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Tim Harris    
   

 

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Bio

TIM HARRIS, HOWARD HUGHES MEDICAL INSTITUTE
DIRECTOR APPLIED PHYSICS & INSTRUMENTATION GROUP

Tim Harris is a Group Leader and Director of Applied Physics at the HHMI Janelia Farm Research Campus in Ashburn, VA. After receiving his Ph.D. from Purdue University, Tim spent the following 18 very collaborative years at Bell Labs, Murray Hill, NJ. While at Bell, his work included high sensitivity fluorescence, the first use of CCD imagers for Raman scattering instrumentation, the characterization of quantum dots using a variety of spectroscopic tool, the first report of fluorescence Near-Field Microscopy. The latter led to many follow on applications including single molecule imaging, lifetimes, and spectroscopy, single quantum dot imaging and spectroscopy. In 1996 Harris moved to Seq Ltd. a small biotech startup in Princeton, NJ, where he led the development of high throughput multicolor confocal microscopy for cell based drug screening. The imager was deployed to pharmaceutical labs around the world. Harris moved to Helicos Biosciences in January 2004 as the founding technical employee where his team reported the first single molecule DNA sequencing. He has held his current position since 2008. His group is charged with development of tools to advance the current state of neuroscience research. Projects included characterization of new fluorescence probes for two photon microscopy, development of specialized microscopes for synapse resolved neuro-anatomy, and projects for advanced electrophysiology using both extracellular and patch pipette technology.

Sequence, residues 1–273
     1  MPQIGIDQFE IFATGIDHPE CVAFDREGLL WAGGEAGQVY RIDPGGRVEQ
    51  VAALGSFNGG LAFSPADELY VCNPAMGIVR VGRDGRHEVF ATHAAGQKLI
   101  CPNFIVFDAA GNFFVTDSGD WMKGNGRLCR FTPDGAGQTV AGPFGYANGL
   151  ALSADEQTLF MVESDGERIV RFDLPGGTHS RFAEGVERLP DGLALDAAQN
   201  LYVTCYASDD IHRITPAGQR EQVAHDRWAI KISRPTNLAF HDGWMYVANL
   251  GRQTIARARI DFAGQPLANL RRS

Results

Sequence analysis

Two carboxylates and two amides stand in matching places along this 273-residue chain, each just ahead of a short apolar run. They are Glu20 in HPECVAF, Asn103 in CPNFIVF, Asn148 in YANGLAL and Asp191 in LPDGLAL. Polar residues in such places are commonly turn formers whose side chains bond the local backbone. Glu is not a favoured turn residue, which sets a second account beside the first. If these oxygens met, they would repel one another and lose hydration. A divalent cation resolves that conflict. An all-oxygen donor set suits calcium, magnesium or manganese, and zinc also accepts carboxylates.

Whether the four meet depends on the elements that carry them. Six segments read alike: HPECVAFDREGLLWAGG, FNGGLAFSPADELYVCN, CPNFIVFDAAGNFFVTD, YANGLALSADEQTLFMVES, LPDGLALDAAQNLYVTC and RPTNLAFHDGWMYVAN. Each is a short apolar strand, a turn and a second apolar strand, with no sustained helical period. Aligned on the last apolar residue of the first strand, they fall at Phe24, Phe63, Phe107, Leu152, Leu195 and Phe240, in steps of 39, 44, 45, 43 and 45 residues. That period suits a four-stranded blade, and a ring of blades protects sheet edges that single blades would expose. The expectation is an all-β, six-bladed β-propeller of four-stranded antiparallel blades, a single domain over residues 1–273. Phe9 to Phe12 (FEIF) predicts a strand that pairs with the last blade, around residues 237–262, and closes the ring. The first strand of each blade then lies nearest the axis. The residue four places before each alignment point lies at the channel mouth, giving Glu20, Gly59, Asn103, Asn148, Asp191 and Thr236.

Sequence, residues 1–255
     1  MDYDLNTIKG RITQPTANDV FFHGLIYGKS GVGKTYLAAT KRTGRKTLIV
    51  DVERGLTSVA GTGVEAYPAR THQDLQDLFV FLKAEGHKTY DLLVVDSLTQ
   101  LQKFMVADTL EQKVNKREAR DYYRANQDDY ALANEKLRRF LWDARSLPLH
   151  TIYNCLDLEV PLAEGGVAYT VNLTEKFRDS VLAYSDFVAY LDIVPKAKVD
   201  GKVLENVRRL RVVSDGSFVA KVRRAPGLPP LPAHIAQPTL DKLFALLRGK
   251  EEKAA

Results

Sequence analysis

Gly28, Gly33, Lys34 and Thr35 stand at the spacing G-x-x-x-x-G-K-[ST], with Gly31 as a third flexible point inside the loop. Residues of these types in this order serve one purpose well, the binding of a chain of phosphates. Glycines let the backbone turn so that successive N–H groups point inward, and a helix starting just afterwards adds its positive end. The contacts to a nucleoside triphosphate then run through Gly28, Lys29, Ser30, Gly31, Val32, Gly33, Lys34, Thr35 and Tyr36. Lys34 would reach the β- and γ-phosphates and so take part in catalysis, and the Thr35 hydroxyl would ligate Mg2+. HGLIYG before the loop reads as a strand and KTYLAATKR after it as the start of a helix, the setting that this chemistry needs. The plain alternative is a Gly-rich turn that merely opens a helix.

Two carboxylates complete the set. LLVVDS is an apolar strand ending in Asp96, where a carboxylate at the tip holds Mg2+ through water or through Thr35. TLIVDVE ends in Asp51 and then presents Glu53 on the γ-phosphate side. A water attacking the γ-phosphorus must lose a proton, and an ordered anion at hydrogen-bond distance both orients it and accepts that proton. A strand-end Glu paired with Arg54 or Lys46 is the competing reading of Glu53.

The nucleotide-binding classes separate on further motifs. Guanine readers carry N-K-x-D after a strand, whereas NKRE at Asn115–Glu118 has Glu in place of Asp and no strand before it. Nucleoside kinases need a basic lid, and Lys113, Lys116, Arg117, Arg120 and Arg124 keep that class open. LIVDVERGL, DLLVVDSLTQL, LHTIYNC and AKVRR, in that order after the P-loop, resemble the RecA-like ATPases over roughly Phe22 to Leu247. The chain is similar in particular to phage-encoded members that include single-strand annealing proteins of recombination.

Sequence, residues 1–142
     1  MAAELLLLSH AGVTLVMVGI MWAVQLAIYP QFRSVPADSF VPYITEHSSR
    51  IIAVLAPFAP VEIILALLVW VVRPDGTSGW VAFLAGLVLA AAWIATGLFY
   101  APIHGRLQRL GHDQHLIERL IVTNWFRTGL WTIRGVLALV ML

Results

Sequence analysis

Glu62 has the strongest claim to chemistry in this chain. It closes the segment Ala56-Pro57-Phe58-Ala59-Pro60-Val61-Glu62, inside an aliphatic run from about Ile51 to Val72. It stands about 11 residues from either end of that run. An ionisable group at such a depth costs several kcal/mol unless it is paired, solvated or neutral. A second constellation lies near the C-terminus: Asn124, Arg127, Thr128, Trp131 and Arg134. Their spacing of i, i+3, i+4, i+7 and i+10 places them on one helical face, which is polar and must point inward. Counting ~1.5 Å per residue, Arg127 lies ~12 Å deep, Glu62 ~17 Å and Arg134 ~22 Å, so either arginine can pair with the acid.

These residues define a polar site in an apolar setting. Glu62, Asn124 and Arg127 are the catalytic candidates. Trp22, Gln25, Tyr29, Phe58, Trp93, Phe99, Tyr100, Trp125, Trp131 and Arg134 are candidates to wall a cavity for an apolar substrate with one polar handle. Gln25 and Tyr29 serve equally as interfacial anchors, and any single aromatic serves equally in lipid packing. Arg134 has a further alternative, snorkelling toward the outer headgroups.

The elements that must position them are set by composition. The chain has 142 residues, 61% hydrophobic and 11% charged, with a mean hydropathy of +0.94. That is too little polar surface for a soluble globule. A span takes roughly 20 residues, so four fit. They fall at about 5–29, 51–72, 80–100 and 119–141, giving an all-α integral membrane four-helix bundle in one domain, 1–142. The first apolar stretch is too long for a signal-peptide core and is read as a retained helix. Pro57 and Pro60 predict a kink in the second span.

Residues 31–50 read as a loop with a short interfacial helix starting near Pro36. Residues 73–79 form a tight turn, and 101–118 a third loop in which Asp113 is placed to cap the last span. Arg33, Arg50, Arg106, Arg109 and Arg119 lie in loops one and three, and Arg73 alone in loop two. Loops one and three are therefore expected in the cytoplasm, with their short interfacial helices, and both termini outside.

Presentation abstract

OPPORTUNITIES FOR ADVANCED MICROELECTRONICS IN RESEARCH AND CLINICAL NEUROSCIENCE

Neuroscience Research has moved to the forefront of activity in many organizations. Examples are the US BRAIN Initiative, Allen Institute for Brain Research, Champalimaud Centre, Sainsbury-Wellcome Center at UCL, and the HHMI Janelia Research Center. Devices for recording electrical neuronal signals and stimulating neurons, cameras for imaging activity, and neuroprosthetic devices for motor movement and sensory input are all limited by the electronics performance currently deployed. I will discuss the next generation recording devices currently under development at IMEC as well as several other opportunities for advanced electronics in neuroscience.

 

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